Sunday, March 4, 2007

Unlawful thoughts

Arguing with a lawyer, I’ve realised, is like competing in a tree-climbing time-trial against an orangutan. Well, perhaps not unlike many, I too enjoy the occasional bout of ridiculous self-humiliation. And recently, as there are far more lawyers in my immediate vicinity than orangutans or trees, I merrily took on one of the former in an interesting debate. Be forewarned, however, that a lawyer, especially the portentous Portia type, is a far more formidable opponent outside a courtroom than inside.

Barely a week ago, I was driving to Bareilly to attend a wedding reception with the bride, the groom, a bevy of wonderful friends and my dear wife in tow. After the usual enthusiasm and chatter that accompanies the start of a journey had settled down, the car cabin became rather quiet. Heads lolled and swayed to rhythms dictated by NH24 and Lobo, while I struggled to stay awake at the wheel. At a certain point between Gajraula and Bareilly, I began conversing with a friend of the bride’s who happened to be a practising lawyer. It began on a fairly cordial note but as we veered toward the legality of morality, our stances and our jaws hardened.

My learned friend (isn’t that what they like being called in the movies) insisted that morality was separate from the law but the same as culture and therefore all that a socio-religious framework within a community upheld to be correct and right, was and whatever it did not, was not. However the same need not find legal endorsement. “For instance”, she said, “bearing a child out of wedlock runs against the grain of our socio-religious consciousness and is therefore immoral and wrong, though it might not be an offence from a legal perspective. But the same might find acceptance in the West and therefore is moral and right within that set-up”. She also went on to state that morals were subject to an individual’s conscience and therefore the ‘rights’ and ‘wrongs’ of a given situation were governed only by two factors – the prevailing culture around the situation and the individuals conscientious response within that framework.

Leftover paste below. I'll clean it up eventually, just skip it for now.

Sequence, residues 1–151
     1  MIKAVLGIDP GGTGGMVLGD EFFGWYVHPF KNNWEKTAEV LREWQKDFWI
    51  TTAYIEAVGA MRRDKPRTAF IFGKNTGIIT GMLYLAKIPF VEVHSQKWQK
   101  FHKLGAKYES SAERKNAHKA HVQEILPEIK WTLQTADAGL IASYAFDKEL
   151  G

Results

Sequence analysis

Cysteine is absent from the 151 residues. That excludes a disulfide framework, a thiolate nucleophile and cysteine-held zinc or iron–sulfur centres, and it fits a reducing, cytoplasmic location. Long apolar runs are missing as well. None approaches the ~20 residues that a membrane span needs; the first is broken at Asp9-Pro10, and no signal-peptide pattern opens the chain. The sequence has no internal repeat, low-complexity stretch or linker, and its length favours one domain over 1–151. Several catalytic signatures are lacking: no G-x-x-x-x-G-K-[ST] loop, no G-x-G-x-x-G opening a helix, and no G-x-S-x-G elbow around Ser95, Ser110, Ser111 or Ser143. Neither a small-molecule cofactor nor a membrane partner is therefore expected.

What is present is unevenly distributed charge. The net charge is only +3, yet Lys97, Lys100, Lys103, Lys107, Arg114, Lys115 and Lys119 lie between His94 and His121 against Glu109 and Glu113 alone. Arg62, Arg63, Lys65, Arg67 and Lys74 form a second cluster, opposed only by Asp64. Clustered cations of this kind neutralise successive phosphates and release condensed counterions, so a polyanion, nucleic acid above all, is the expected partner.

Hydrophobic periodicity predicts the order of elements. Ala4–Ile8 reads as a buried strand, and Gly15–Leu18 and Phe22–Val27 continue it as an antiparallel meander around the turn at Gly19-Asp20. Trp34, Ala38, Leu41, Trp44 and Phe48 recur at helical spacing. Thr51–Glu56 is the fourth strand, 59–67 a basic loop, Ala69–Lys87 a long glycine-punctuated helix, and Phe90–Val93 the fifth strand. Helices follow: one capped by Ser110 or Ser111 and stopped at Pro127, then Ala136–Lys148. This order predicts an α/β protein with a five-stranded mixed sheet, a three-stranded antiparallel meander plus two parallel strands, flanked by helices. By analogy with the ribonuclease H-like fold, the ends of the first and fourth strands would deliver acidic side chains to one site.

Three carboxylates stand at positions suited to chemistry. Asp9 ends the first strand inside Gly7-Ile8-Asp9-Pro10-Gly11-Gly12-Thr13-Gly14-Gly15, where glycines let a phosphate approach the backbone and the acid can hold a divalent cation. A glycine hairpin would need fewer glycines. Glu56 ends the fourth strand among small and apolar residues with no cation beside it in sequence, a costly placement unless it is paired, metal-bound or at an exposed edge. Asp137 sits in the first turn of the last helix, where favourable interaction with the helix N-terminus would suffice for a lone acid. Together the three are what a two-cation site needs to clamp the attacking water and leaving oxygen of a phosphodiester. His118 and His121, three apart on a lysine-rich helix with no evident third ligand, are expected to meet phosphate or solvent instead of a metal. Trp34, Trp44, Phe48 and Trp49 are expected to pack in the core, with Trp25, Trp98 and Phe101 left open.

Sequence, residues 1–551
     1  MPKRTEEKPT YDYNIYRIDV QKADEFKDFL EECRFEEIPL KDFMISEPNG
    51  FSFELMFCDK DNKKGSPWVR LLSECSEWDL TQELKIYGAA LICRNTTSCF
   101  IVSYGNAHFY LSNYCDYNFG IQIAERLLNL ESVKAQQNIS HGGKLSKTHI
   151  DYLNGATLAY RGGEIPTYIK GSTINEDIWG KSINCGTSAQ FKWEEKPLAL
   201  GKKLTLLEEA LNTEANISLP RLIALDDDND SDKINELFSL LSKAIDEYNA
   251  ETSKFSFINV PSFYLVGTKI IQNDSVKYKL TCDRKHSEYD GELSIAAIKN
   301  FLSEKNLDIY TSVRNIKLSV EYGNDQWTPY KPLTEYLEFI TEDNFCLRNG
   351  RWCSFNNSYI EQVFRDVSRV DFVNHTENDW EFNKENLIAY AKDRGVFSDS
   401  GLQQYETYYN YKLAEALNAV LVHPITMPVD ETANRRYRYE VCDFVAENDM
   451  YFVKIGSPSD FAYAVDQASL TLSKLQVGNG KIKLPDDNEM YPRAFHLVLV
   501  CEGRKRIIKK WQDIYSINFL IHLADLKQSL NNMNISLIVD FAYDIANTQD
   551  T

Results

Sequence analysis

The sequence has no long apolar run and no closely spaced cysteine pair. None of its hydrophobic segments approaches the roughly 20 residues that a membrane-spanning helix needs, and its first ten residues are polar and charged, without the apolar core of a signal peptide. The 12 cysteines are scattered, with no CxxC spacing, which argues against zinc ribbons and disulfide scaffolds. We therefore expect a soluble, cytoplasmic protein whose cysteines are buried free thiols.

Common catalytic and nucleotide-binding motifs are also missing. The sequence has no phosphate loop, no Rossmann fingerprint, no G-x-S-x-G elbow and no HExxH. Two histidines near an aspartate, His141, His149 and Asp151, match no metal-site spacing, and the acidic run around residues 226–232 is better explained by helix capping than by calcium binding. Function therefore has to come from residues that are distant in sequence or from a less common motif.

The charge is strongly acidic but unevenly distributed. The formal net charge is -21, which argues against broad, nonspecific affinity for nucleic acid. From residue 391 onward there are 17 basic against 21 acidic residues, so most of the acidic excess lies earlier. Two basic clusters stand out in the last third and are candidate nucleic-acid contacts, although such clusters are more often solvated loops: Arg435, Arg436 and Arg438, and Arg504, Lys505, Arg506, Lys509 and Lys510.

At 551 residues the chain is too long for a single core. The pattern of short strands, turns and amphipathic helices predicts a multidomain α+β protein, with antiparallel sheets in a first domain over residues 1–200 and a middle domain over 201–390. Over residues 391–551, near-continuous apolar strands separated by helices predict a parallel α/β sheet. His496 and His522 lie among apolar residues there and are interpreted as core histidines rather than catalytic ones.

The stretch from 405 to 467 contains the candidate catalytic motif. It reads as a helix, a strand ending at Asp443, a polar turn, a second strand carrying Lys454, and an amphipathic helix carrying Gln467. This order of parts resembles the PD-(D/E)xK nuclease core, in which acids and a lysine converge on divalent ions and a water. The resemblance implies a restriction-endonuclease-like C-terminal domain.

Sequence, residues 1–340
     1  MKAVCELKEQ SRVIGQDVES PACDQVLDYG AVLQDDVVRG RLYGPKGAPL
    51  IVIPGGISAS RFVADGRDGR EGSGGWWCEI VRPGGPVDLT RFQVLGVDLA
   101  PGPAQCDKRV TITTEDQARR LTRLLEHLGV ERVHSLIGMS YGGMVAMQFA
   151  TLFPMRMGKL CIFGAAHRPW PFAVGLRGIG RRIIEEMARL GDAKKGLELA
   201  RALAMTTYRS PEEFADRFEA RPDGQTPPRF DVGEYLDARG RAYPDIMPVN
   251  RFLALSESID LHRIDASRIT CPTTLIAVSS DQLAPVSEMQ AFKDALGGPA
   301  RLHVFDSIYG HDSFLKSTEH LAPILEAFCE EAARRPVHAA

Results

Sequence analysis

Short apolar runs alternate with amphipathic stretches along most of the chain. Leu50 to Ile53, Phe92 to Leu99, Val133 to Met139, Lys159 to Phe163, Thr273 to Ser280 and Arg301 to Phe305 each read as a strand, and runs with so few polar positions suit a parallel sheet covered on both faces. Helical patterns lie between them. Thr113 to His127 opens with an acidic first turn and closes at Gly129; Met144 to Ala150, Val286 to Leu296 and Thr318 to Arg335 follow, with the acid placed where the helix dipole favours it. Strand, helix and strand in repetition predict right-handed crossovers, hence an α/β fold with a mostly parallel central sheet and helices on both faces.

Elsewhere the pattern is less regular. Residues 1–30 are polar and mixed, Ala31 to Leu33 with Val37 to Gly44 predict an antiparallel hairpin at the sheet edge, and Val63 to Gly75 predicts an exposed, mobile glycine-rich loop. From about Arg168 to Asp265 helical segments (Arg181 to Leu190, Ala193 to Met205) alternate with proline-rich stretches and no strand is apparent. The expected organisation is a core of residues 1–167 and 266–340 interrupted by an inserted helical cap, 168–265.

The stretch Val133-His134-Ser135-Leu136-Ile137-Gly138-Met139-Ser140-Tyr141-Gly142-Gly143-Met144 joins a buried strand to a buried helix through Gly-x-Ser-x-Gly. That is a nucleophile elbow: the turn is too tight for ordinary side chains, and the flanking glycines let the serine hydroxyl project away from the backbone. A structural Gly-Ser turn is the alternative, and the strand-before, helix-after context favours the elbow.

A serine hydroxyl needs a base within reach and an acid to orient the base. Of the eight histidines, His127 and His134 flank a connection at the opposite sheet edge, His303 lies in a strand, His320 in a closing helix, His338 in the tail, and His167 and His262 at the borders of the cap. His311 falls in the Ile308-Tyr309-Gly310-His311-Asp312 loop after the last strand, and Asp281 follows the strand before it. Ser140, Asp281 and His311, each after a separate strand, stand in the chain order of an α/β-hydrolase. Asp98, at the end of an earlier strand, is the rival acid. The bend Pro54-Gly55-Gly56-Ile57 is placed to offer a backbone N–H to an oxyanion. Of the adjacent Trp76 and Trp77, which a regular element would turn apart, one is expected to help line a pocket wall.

I, on the other hand countered that rights and wrongs weren’t subject to cultures or religion but were universal. Correctness is subject to consequence and therefore, the consequence of one’s actions determined the correctness of that action. But consequence is subject to purpose and only when an ideal purpose is determined can the ideal consequence of an action be ascertained. For example, the purpose of ‘life’ is to grow and evolve, and human civilisation, being a minute component of this life-force ought to be governed by the same principle. Thus, every human action that furthers and supports the evolution and growth of life, on a physiological, intellectual, spiritual and a social plane is good and right and every action that does not, is not. And it doesn’t matter whether it is the genocide in Darfur or the barbarity of Khairlanji that finds local and communal sanction, they’re both crimes against ‘life’, as have been various culturally accepted practices like honour killings, sati and witch hunts. The same ought to hold true for the jihads of our times and every war on terror that apparently counters it.

I was just getting warmed up, when the decibel levels in the car prompted the other occupants to wake up. One by one, they all defected toward our learned friend except for my wife who chose to abstain with a dignified smile and a loving look, and the bride, who was too sleepy and too happy to care. The long reach and reinforced voice of the law and her battery of well-wishers prevailed. I gave in before I could give voice, but in your court, dear reader, I rest my case.

While I might pretend to be an armchair philosopher like almost every other Bengali, I’m pretty sure our friend-in-law would only consider herself an articulate and well informed pragmatist. Neither is a qualified expert but I hope the above account will encourage fellow philosophers to build a paradigm that’ll bring them that much closer to deciding whether ‘Bushes’ are meant to be beaten on or around or if fossil fuels are fuelling our lives or our pyres. But next time you’re in the mood for a challenge, I suggest you look for a tree and an orangutan . . . you might have better luck. Cheerio!


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